Boise wouldn't be Boise without it Foothills, its river or its Greenbelt.
Which is intriguing, considering that Boise didn't always love its river.
During the city's first century, the Boise River was a dumping ground for trash, industrial waste and raw sewage - even animal waste from the zoo. The river's banks were foreboding, too, overgrown with brambles.
The city hired California consultants in the mid-1960s who pointed out that, treated right, the river could become Boise's greatest asset.
Bill Onweiler, a city councilman at the time, and Gordon Bowen, director of Parks and Recreation, started talking about transforming the ignored stretch along the water into something better.
Onweiler, who died in 2010, Bowen and others championed the cause, even petitioning Sen. Frank Church to secure the first funds to start the project (a stretch of the Greenbelt is now named for Church's widow, public lands advocate Bethine Church).
In 1969, city leaders appointed the city's first Greenbelt and Pathways Committee. For the next three decades, a long line of committee volunteers advised the mayor and council by identifying parcels to buy, working out path designs and finding money.
The committee followed a basic principle that still stirs emotion: "Preserve for the public, in perpetuity, unrestricted access to the river and the special and unique forms of recreation it provides."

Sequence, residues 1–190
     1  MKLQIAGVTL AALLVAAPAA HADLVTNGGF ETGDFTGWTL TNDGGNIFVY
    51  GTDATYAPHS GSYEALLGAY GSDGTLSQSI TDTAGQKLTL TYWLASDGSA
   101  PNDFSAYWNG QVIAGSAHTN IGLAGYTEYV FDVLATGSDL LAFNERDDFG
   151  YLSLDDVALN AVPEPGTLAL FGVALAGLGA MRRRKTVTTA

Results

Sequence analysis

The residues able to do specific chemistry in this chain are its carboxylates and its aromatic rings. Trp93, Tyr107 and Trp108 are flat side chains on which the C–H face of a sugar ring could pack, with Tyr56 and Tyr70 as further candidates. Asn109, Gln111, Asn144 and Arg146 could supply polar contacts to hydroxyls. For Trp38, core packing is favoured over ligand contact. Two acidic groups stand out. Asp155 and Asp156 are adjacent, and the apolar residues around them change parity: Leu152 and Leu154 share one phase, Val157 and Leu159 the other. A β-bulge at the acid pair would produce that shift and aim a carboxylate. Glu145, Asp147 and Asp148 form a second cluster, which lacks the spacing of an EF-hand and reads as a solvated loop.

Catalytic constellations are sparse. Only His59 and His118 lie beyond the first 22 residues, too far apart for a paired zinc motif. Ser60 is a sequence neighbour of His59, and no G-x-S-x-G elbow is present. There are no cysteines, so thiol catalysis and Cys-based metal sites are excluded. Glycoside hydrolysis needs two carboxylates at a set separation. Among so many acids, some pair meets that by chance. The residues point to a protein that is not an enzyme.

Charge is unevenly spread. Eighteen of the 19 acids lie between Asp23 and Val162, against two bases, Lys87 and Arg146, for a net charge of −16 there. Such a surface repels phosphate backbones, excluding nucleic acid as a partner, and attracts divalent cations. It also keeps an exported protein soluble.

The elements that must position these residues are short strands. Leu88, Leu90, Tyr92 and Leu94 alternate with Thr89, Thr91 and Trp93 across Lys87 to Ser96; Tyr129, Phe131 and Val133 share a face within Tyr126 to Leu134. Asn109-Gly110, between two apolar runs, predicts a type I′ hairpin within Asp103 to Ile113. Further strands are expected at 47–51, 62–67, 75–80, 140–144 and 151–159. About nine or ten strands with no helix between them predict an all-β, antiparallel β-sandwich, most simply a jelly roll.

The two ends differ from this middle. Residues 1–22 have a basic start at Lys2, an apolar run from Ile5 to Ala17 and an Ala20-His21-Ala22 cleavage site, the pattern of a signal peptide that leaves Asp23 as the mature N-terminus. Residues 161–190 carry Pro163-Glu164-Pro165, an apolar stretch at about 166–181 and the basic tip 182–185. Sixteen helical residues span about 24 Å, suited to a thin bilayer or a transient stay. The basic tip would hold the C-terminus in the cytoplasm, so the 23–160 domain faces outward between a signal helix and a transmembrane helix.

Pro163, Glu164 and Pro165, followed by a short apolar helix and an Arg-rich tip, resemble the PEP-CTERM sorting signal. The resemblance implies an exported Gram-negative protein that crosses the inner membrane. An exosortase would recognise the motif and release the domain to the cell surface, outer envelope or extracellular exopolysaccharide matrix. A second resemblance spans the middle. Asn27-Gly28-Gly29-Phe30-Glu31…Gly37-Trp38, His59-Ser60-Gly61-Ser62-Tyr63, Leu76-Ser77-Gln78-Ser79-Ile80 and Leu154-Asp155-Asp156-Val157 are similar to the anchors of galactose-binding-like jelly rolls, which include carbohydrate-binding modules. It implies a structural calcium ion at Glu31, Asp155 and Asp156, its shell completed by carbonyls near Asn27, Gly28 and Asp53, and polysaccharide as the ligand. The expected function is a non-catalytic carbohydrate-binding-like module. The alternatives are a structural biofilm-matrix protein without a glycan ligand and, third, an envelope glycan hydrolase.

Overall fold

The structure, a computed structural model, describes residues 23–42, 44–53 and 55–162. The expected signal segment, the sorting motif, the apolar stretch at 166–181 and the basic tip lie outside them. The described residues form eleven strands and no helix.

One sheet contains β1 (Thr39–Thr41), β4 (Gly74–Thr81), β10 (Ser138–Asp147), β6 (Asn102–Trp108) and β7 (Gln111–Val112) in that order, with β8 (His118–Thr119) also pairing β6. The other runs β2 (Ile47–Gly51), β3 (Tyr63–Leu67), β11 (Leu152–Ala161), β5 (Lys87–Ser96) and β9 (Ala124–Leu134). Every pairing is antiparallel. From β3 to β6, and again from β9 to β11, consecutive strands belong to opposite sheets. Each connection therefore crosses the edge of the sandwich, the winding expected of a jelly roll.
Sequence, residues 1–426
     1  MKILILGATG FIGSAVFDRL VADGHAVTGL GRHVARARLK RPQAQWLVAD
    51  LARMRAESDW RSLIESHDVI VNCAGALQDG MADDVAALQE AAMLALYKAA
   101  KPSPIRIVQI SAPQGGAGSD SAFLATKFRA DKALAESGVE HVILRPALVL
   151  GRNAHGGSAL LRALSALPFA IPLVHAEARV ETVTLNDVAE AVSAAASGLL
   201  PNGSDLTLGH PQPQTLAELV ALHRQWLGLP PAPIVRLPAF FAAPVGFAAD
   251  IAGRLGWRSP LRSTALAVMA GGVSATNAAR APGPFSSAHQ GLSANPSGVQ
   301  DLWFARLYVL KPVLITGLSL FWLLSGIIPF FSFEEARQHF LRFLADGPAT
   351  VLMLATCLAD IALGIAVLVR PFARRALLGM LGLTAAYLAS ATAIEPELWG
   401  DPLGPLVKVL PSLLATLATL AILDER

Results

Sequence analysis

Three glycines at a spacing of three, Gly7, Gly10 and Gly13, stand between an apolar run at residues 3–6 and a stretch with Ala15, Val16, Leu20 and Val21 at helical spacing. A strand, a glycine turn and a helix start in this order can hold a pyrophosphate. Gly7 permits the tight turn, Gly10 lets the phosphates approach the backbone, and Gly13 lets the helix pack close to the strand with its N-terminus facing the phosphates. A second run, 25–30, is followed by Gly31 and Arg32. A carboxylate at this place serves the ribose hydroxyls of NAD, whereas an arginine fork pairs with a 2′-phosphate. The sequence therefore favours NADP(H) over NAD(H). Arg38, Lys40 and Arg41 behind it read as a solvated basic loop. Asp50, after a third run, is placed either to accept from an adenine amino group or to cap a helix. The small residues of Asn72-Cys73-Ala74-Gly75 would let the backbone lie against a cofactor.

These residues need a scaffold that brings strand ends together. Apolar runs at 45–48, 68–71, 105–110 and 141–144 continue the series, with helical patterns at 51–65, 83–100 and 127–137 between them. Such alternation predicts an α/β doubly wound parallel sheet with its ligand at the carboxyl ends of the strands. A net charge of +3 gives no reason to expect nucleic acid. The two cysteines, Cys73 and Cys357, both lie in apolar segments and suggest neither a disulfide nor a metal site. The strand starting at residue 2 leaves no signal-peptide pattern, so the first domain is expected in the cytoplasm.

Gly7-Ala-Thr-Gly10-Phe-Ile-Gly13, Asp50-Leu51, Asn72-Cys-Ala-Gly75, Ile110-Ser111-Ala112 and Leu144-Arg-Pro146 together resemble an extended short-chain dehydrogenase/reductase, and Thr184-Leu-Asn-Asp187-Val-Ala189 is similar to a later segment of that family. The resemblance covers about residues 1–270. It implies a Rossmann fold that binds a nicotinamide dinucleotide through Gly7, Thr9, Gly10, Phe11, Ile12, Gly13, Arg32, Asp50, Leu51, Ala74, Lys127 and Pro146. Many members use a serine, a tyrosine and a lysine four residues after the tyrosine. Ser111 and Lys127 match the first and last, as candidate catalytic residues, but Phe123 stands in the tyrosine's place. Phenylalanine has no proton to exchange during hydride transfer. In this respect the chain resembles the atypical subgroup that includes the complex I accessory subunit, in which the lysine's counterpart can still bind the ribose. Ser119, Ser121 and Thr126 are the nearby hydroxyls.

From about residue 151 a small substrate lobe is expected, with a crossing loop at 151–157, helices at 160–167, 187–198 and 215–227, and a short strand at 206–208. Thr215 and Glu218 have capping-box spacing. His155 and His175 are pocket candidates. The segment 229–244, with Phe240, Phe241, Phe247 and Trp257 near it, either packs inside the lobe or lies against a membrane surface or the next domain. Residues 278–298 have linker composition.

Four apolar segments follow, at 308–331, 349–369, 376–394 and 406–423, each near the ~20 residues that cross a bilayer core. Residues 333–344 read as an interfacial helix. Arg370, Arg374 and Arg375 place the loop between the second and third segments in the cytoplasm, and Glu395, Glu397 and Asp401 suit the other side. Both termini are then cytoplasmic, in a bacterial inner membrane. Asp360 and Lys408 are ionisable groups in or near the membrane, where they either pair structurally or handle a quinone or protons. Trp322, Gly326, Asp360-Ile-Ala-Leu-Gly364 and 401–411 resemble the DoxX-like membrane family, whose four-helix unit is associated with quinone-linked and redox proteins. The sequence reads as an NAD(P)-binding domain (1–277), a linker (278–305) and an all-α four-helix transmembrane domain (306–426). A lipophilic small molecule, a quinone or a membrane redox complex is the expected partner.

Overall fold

With most of the Greenbelt complete, the committee dissolved in 1997.
The city celebrated the Greenbelt's 30th anniversary in 1999. Workers buried a time capsule near a stone marker east of the former Wheels R Fun building in Shoreline Park. The capsule contains written memories from Boise residents as well as letters from then-Gov. Dirk Kempthorne, Mayor Brent Coles and Jim Hall, former director of Boise Parks and Recreation.
The city will open the capsule in 2019, the Greenbelt's 50th anniversary.
Gordon Bowen still lives in Boise. He served as director of Parks and Rec from 1956 to 1978. In 1983, the city dedicated a park named for him at 11th and O'Farrell in Boise's North End.
Æ Don't miss: Sesqui-Speaks: "History of the Greenbelt and Parks," a talk by Jennifer Stevens about the history of Boise's famous pathway, parks and green spaces, from 3 to 4:30 p.m. Saturday at the Foothills Learning Center, 3188 N. Sunset Peak Road, Boise.
Anna Webb: 377-6431